More than sixty years before U.S. President Bill Clinton and British Prime Minister Tony Blair made it politically fashionable, Mises had discerned a shift in strategy among the critics of laissez faire away from socialism towards the advocacy of a third way. In his 1929 book, A Critique of Interventionism, Mises saw this change arising out of Vladimir Lenin’s move in the early 1920’s to renounce the state ownership of the means of production in promulgating the New Economic Policy. In the wake of this, Mises (1996 [1929]) observed: “Nearly all writers on economic policy and nearly all statesmen and party leaders are seeking an ideal system which, in their belief, is neither capitalistic nor socialistic, is based neither on private property in the means of production nor on public property” (13). Back then, as Mises notes, this approach was either seen as a transitional stage towards full-fledged socialism or as a permanent system, though everyone at the very least understood it as something meant to last for a long while. With the death of socialism, the former rationale naturally has disappeared such that the predominant view today among supporters of the third way is that it offers an enduring model for the organization of economic life. This is the assumption that Mises primarily targets. Similar to how he challenged socialism, Mises argues that the social democratic welfare state is ultimately impossible – not in the sense that it is incapable of economically functioning, but that it cannot be sustained as a viable politico-economic order. It is a house of cards.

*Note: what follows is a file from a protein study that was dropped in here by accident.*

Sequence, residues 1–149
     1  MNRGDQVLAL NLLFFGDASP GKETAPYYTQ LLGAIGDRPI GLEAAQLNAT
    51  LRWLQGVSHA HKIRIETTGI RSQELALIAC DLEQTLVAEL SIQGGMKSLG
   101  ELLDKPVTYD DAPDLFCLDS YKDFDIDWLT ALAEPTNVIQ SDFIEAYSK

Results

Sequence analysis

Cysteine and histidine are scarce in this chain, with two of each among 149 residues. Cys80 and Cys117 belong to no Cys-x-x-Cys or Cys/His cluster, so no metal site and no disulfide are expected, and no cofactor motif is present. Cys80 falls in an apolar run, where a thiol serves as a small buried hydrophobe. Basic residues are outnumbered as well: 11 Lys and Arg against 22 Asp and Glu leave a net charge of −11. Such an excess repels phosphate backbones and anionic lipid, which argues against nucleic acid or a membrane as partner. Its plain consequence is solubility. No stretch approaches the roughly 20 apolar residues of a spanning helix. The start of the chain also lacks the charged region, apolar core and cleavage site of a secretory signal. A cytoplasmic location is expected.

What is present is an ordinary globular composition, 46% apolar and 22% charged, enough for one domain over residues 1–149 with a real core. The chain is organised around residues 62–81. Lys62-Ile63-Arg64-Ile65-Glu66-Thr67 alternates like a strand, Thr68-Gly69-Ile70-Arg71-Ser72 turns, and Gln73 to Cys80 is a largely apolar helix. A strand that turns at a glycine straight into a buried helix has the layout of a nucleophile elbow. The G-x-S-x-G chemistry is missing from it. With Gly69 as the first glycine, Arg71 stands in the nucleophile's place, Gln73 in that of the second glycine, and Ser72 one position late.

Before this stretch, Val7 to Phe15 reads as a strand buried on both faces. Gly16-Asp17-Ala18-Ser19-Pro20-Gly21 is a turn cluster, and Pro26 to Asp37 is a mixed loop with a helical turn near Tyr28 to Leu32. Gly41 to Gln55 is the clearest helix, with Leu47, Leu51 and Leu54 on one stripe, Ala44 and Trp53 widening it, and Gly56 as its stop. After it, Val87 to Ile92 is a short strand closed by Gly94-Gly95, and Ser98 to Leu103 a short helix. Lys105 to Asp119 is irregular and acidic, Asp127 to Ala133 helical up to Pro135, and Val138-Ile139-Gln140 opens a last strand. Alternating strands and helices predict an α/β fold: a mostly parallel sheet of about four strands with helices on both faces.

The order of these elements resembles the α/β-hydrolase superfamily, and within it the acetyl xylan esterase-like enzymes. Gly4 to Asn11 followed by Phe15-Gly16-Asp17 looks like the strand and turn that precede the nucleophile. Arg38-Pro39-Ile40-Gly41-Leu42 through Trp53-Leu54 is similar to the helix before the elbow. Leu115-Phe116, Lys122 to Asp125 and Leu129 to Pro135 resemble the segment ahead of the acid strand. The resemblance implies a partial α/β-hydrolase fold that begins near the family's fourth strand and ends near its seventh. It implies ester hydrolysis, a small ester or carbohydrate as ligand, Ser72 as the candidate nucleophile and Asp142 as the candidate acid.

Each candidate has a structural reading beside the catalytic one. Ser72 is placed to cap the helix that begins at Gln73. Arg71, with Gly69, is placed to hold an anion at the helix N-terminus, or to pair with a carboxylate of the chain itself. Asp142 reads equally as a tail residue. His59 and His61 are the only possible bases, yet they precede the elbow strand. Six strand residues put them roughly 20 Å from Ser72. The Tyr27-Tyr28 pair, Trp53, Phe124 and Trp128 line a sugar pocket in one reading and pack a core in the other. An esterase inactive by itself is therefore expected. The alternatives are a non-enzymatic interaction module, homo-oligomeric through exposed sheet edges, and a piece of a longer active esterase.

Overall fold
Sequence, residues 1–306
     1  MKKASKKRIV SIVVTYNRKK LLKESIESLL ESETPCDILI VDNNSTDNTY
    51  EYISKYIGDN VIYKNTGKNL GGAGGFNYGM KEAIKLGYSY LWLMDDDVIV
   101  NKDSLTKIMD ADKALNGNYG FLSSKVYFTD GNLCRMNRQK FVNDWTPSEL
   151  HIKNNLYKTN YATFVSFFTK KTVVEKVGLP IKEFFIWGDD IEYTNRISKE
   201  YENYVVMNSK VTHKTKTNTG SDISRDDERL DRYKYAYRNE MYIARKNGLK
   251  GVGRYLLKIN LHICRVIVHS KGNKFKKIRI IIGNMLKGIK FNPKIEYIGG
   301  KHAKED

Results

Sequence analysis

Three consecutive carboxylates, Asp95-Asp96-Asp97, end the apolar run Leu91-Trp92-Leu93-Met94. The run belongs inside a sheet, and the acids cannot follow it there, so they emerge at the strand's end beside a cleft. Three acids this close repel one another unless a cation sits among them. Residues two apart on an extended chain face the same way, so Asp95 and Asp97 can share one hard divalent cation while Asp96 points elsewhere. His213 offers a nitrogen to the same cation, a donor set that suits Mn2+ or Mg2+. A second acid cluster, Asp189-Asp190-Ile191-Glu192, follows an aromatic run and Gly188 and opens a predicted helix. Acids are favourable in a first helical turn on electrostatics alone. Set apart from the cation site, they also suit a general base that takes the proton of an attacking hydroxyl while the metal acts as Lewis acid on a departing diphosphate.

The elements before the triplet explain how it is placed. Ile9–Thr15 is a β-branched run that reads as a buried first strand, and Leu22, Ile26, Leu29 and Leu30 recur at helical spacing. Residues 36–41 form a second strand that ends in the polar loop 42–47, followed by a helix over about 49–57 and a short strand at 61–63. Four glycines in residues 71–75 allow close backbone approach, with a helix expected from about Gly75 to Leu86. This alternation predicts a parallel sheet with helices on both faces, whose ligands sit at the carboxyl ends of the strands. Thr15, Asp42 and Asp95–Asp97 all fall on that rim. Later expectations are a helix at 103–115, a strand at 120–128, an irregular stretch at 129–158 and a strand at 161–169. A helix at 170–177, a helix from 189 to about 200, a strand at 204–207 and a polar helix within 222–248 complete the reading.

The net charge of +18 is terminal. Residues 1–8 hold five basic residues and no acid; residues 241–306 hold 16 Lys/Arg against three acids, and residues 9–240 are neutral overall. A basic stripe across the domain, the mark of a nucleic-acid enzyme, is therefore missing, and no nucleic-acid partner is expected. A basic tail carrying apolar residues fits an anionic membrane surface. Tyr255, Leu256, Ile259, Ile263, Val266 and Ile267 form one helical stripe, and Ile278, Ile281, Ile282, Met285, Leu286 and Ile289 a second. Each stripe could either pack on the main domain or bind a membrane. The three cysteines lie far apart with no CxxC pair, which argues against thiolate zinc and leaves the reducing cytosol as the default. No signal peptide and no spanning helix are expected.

To comprehend this thesis, we must start by locating the welfare state within Mises’ conceptual schema. Like the minimal government of classical liberalism that it historically displaced, the welfare state aims to provide the citizenry with security from foreign attacks, along with protection from acts of physical assault, theft, and fraud that might be perpetrated by other individuals within the domestic community, in addition to a few public goods that the private sector cannot profitably supply. Distinguishing the welfare state is that it goes beyond this restricted menu by furnishing a social insurance scheme, offering coverage against old age, sickness, disability, unemployment, and business cycles. Besides the hedging of risks to which individuals are subject in a market economy, the welfare state also endeavors to equalize economic opportunities, and even outcomes to a certain extent, while seeking to directly advance individual well-being by offering such goods as child care, education, and housing on a free or subsidized basis.